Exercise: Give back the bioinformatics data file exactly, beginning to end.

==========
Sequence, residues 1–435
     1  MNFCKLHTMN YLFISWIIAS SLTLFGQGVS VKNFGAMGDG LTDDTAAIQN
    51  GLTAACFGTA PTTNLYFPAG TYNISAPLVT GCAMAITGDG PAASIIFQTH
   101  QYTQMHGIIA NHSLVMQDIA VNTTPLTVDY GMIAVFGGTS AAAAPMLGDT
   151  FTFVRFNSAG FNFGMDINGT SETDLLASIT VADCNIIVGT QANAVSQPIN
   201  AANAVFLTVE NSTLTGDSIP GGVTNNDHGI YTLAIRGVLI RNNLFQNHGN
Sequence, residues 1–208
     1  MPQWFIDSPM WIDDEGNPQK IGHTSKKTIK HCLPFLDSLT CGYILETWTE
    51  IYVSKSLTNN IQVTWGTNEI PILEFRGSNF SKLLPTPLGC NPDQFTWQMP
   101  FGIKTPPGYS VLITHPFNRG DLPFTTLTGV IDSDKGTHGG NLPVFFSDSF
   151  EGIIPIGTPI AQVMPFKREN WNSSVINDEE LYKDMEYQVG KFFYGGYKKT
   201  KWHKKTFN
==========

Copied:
Sequence, residues 1–435
     1  MNFCKLHTMN YLFISWIIAS SLTLFGQGVS VKNFGAMGDG LTDDTAAIQN
    51  GLTAACFGTA PTTNLYFPAG TYNISAPLVT GCAMAITGDG PAASIIFQTH
   101  QYTQMHGIIA NHSLVMQDIA VNTTPLTVDY GMIAVFGGTS AAAAPMLGDT
   151  FTFVRFNSAG FNFGMDINGT SETDLLASIT VADCNIIVGT QANAVSQPIN
   201  AANAVFLTVE NSTLTGDSIP GGVTNNDHGI YTLAIRGVLI RNNLFQNHGN
Sequence, residues 1–208
     1  MPQWFIDSPM WIDDEGNPQK IGHTSKKTIK HCLPFLDSLT CGYILETWTE
    51  IYVSKSLTNN IQVTWGTNEI PILEFRGSNF SKLLPTPLGC NPDQFTWQMP
   101  FGIKTPPGYS VLITHPFNRG DLPFTTLTGV IDSDKGTHGG NLPVFFSDSF
   151  EGIIPIGTPI AQVMPFKREN WNSSVINDEE LYKDMEYQVG KFFYGGYKKT
   201  KWHKKTFN